The Cultural Resources Stewardship, Partnerships, and Science Programs of the National Park Service provide leadership for the protection and interpretation of the nation's heritage, guide a national historic preservation program that embraces national parks and heritage resources, engage all American peoples with the places and stories that make up their national identity, and serve as models for the stewardship of cultural resources throughout the world. The magnitude of NPS stewardship responsibilities for the nation's heritage resources is inspiring. The cultural resources programs and responsibilities of the NPS reach into every park and virtually every community in the nation. Explore additional resources about all Americans' stories through our history portal and through the links below.
The Introduction to Asian American and Pacific Islander Heritage article has more on the topic.
History Pin- East at Main Street: There are few sites associated with Asian American Pacific Islander heritage designated as landmarks. Raising awareness of these places will assist in their preservation for the future. Help Asian and Pacific Islander Americans in Historic Preservation (APIAHiP) uncover and share information and memories. Collectively, historic landmarks can reflect the historical and cultural contributions of AAPI Americans. By illustrating the range of ethnicity, religion, class, occupation, and gender that make up AAPI communities, we help create a more complete picture of American history.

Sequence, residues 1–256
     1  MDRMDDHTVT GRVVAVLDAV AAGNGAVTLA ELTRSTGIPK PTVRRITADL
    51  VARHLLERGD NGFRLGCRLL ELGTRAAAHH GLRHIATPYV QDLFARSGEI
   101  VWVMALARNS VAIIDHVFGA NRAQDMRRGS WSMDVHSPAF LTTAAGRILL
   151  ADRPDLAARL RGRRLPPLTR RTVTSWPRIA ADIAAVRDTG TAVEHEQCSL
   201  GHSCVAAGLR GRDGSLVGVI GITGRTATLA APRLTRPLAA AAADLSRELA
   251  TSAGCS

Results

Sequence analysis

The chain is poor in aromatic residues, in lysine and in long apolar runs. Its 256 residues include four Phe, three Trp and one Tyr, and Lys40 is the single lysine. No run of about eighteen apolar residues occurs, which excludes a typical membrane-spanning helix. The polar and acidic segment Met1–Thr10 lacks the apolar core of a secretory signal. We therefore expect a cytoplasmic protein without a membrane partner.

Asians and Pacific Islanders and the Civil War: Official National Park Service Handbook: In the last several decades a small group of historians, researchers, writers and civil war enthusiasts have begun to recover the stories of these forgotten warriors. Anglicized and ambiguous names and haphazard documentation make it difficult to find these men and confirm their ethnicity, but researchers have identified several hundred soldiers and sailors who served from Asia and the Pacific Islands. Some fought for the Union and some for the Confederacy. There are perhaps many more. These are some of their stories.
Find Your Place: Asian Americans and Pacific Islanders (.pdf | 2.1MB) : This booklet examines the influential presence of Asian Americans and Pacific Islanders. From the earliest settlement of the country to the desegregation of public schools in the 20th century and political influence in the 21st there are AAPI legacies. A core essay traces their impact on the American landscape. This is followed by the stories of seven signature places commemorating the legacy. A concluding section illustrates how this heritage is preserved today. Preservation transcends "bricks and mortar" work to include a celebration of collective experience.
Wing Luke Museum of the Asian Pacific American Experience: Secretary Salazar along with National Park Service Director Jarvis launched the Asian American Pacific Islander Theme Study by announcing that the Wing Luke Museum of the Asian Pacific American Experience in Seattle is an affiliated area of the National Park Service - a designation to recognize the national significance of properties that are privately owned and operated but encompass important aspects of our nation's heritage for which an official association with the NPS would be mutually beneficial.
Archeology of Japanese American Internment at Kooskia Internment Camp, Idaho (windows media file .wmv) During World War II, the US government imprisoned over 120,000 individuals of Japanese heritage solely due to their ethnicity. Internees creatively challenged their imprisonment by utilizing and crafting objects. This online seminar by Dr. Stacey Camp, University of Idaho, examines materials recovered from Kooskia, including artwork, gaming pieces, vases and other artifacts.
Administrative History of the AAPI Initiative